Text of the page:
As business grows, more shows try to make impact
With the arrival of Discovery-Hasbro entity the Hub in October and the coming of Disney Junior in 2012, the battle for kids’ affections is the most competitive it’s ever been.
Selling to kids is a one-two punch. The market represents $1.7 billion in annual advertising revenue, according to SNL Kagan, but the bonus is that selling to kids also means reaching their mothers. Women control 73% of household spending or $4 trillion in discretionary U.S. household income, according to a report Congress’ Joint Economic Committee released in December — and much of that is on the kids.
With those figures in hand, kid cablers will engage in their annual “upfront” presentation to the advertising community over the next few weeks. Nets present their programming wares and lock in ad rates up front before the scatter market begins.
“The kids’ marketplace is still huge. The reason why there are a lot of players in the market now is because it’s been very robust,” says Hub president-CEO Margaret Loesch. “As long as people have kids and as long as kids love entertainment, it’s going to be robust market.”
“What all the competition is forcing everyone to do is be sharper on your game and present great entertainment across the board to your audience,” says Cartoon Network president Stuart Snyder. “Competition is a good thing in any environment, in any business. The successful players are more connected to their audience than ever before.”
While the market is competitive, it’s also distinct, with each player offering a specific brand and unique content. Disney’s first focus is tween-tinged live-action series, although it also offers popular animated shows such as “Phineas and Ferb.”
Nickelodeon, whether it’s “iCarly” or “SpongeBob SquarePants,” is all about the funny. Boy-friendly Cartoon Network is staying true to its animation brand while expanding into a live-action series such as “Dude, What Would Happen” and “Destroy Build Destroy.” And parental favorite PBS — both in broadcast with PBS Kids and PBS Kids Go, and on cable with PBS Kids Sprout — continues to pursue curriculum-based children’s programming that arrives in cleverly written and produced packages.
Still, all the players are focusing on certain hot areas, including co-viewing, live-action and digital platforms.
Co-viewing — a relatively new term for the old-fashioned habit of kids watching TV with their parents — is the trend of the day. It’s easier to say than do, because it can be tough to create shows that kids and parents are equally interested in watching.
“The attractiveness of co-viewing is that you are able to grow your audience and speak to brands who want to be in family space versus just the kids’ space. But to do that we have to have great shows that kids want to see,” says Cartoon’s Snyder.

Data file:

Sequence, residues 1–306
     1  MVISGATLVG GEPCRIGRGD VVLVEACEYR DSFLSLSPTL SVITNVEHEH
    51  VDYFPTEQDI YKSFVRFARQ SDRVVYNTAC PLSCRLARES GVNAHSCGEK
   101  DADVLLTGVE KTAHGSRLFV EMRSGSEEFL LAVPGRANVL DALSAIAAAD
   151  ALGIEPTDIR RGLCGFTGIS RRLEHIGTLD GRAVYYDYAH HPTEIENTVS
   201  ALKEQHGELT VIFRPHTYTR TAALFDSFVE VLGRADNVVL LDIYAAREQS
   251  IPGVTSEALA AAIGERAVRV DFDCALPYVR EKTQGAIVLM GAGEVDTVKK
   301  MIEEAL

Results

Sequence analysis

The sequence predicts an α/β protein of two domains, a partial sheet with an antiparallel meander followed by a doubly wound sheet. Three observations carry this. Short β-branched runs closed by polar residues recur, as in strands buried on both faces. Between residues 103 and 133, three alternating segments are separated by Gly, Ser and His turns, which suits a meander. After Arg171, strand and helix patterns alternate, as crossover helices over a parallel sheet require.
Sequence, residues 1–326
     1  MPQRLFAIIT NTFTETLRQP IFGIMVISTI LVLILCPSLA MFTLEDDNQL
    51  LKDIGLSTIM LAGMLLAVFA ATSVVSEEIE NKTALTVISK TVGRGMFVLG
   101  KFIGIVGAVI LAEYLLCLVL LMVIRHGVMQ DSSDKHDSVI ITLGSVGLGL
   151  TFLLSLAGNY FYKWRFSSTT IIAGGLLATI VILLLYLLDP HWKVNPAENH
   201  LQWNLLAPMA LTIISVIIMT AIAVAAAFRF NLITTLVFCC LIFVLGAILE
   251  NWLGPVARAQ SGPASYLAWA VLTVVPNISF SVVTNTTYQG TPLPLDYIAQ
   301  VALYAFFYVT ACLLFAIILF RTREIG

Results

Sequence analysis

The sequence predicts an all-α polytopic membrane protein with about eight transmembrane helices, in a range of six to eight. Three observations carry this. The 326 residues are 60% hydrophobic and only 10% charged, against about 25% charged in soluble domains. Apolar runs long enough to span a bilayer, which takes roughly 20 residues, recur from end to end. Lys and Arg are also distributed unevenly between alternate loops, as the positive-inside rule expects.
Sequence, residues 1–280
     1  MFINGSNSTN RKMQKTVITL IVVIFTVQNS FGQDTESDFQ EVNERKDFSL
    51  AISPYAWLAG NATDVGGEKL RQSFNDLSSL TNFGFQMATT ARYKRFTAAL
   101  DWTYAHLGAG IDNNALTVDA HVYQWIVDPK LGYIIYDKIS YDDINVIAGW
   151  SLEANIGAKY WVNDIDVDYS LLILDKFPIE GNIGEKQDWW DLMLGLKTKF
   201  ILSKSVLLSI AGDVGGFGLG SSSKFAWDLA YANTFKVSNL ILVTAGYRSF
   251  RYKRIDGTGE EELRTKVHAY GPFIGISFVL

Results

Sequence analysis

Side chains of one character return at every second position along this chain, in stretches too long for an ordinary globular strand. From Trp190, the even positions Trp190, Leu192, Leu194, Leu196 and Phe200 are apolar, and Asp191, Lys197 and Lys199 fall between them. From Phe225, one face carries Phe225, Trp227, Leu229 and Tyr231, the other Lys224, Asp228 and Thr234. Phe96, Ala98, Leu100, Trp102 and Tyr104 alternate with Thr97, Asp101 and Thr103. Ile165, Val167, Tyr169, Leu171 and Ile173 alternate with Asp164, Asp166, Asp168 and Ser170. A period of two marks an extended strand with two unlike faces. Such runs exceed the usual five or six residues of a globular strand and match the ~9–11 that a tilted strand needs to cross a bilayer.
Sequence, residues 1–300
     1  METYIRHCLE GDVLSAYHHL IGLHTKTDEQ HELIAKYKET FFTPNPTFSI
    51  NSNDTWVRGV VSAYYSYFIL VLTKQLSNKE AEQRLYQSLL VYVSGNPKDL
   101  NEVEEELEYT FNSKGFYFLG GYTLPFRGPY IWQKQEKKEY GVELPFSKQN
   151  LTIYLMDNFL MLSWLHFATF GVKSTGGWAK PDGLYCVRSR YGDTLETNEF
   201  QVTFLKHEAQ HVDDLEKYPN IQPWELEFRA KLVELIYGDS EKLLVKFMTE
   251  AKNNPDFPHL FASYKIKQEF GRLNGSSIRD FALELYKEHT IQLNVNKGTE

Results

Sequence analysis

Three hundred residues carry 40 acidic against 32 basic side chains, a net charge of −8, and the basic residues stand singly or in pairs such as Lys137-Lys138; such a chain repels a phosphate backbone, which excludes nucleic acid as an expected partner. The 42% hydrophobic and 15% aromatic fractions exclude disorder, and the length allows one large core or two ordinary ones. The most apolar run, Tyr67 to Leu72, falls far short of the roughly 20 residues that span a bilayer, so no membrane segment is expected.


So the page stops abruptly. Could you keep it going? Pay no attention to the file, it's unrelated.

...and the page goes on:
“Co-viewing has always been a goal, but on the newer digital platforms it’s important and dynamic,” says Terry Fitzpatrick, exec VP of content distribution for Sesame Workshop. “Digital platforms give us an opportunity to allow parents to share content with kids, whether they are in a car or passing an iPad back and forth at a doctor’s office. That way they can share Sesame content much like they read a book at bedtime.”
In fact, kids are among the most demanding of digital customers, because they’re unaware of a world in which digital components of their favorite shows don’t exist.
“Kids expect that we’ll be everywhere and that we’ll be there in unique ways. That’s a challenge,” says Loesch. She and others recognize the huge opportunity that digital platforms offer, from engagement to sponsorships.
“Some 95% of our promotional partnerships are integrated,” says John O’Hara, Cartoon Network’s exec VP-g.m. “There’s a linear and digital component to every show and we execute on both. It’s a very important part of our business and our advertisers have come to rely on that integration.”
Finally, the popularity of shows such as Disney’s “Hannah Montana Forever” and “Shake It Up” and Nickelodeon’s “iCarly” means that any kids’ network ignores live-action programming at its peril.
“There’s been a lot of demand from our audience for live-action properties from us,” says Pete Danielsen, Nick’s exec VP of programming. “At certain times in our history, we’ve been more famous for animation than live action. Now we’ve launched a string of successful live action and animated shows. The balance between them is a trend we see coming back.”
Kids programming more competitive than ever | Kids’ ad market on right course | The Hub learning as it goes